Six Yorkshire Water sites to bee-come pollinator superhighway habitats

A bumblebee lands on a purple Field Scabious flower
Energy and environment


Six Yorkshire Water sites have been earmarked to become part of a pollinator superhighway.

Yorkshire Water has provided £30,000 of funding for the scheme, part of the Bee Together project in partnership with Yorkshire Dales Millennium Trust (YDMT).

The pollinator superhighways improve wildlife diversity and try to reverse the decline of wild pollinators in the region. They act as a series of pathways weaving through the country that link existing wildlife areas together by creating and restoring wildlife patches that are rich in wildflowers.

The Bee Together project is aiming to create an unbroken network of habitat for pollinators through both the countryside and urban areas across the country.

Six Yorkshire Water sites - Fewston, Swinsty, Thruscross, Embsay, Grimwith and Barden reservoirs - have been identified as pollinator sites. Surveys are underway at the reservoirs and the work carried out will create new habitats. The project has also identified a number of community sites as habitats where pollinators will hopefully thrive.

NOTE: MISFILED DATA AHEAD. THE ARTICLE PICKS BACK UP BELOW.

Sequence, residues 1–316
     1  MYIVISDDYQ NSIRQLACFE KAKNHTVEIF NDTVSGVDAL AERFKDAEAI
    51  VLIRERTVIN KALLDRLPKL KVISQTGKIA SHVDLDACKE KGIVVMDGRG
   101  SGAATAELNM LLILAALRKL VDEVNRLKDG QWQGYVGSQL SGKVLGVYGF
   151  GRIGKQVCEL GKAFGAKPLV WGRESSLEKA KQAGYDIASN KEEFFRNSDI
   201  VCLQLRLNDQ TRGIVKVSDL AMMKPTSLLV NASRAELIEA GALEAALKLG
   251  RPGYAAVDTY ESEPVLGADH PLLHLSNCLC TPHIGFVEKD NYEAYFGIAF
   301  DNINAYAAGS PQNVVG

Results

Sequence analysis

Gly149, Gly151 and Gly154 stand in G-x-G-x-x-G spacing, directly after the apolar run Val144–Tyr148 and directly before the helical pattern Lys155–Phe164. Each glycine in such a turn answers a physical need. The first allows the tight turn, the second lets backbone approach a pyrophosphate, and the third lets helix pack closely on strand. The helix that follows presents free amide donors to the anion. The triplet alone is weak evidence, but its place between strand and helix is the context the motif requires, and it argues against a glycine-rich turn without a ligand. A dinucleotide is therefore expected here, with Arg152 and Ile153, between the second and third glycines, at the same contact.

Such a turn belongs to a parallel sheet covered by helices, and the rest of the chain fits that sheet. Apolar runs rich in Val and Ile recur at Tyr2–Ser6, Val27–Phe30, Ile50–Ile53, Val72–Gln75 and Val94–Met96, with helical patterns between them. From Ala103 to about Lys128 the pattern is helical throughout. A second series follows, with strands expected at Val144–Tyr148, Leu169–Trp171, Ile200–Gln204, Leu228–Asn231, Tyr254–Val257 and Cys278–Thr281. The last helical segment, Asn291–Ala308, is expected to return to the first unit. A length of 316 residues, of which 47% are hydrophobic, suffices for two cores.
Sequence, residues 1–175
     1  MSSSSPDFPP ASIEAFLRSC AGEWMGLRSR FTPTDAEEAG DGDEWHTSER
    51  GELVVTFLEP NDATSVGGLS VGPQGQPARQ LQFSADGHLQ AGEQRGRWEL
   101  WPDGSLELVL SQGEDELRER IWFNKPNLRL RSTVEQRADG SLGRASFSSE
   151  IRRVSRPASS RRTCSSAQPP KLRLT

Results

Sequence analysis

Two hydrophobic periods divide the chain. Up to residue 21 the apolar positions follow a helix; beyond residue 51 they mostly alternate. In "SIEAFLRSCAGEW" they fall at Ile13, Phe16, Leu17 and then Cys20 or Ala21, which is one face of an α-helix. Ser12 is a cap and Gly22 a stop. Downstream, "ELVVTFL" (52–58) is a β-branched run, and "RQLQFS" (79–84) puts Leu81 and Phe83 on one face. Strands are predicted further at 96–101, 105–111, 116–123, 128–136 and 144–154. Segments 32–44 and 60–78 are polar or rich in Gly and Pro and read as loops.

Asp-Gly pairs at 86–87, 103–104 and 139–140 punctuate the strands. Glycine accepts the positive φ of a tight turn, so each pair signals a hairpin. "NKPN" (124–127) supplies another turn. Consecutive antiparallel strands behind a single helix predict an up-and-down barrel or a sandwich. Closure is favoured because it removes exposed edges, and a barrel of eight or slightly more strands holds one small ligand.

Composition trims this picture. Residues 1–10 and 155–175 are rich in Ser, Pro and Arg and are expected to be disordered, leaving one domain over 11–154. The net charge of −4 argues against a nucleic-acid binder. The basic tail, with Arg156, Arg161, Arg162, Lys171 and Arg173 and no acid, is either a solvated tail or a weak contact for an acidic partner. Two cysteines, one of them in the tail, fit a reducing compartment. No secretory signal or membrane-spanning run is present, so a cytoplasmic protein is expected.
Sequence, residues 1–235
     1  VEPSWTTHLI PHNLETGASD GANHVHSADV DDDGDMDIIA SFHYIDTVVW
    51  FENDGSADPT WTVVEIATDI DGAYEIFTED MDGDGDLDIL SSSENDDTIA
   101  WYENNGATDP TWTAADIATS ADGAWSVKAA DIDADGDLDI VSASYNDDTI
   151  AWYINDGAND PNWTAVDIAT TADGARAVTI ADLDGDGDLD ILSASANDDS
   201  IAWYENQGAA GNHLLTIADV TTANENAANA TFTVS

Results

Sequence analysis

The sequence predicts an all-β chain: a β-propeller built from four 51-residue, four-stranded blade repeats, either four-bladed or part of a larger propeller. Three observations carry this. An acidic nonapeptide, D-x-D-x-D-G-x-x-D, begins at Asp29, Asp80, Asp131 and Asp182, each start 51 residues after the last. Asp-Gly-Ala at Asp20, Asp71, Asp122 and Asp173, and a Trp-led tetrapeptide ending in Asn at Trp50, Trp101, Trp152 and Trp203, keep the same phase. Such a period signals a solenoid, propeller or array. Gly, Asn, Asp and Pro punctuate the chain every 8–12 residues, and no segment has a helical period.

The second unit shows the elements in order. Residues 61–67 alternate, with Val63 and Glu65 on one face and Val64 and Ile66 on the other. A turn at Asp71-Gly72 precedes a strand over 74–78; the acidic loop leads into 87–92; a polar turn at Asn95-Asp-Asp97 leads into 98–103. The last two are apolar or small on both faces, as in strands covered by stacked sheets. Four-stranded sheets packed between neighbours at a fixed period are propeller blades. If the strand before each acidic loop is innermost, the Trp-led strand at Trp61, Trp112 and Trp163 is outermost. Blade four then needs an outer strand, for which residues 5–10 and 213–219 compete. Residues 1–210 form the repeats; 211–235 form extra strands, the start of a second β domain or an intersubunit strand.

Yasmina Gallagher from Yorkshire Water said: “Conservation efforts and improving biodiversity are key parts of our work and often go hand-in-hand with our role managing water catchments.

“We’re pleased to be involved in the Bee Together project and have already identified six of our sites that will provide perfect habitats for pollinators. Our colleagues will be volunteering their time to carry out pollinator surveys, create action plans and deliver the habitat the bees require to thrive in our area.”

Catherine Mercer, Bee Together officer, said: “The 2016 State of Nature reported 60% of bees and other pollinators are in decline. Bees continue to face a wide range of threats, from toxic pesticides to climate change, however the most significant reason for their decline is the loss of wildflower-rich habitats.

“Projects such as this one are vital in reversing these declines, through engagement, education and practical conservation. Working with Yorkshire Water on their sites is a great opportunity to protect and create pollinator habitat as part of a wider network, making a real difference for pollinators locally.”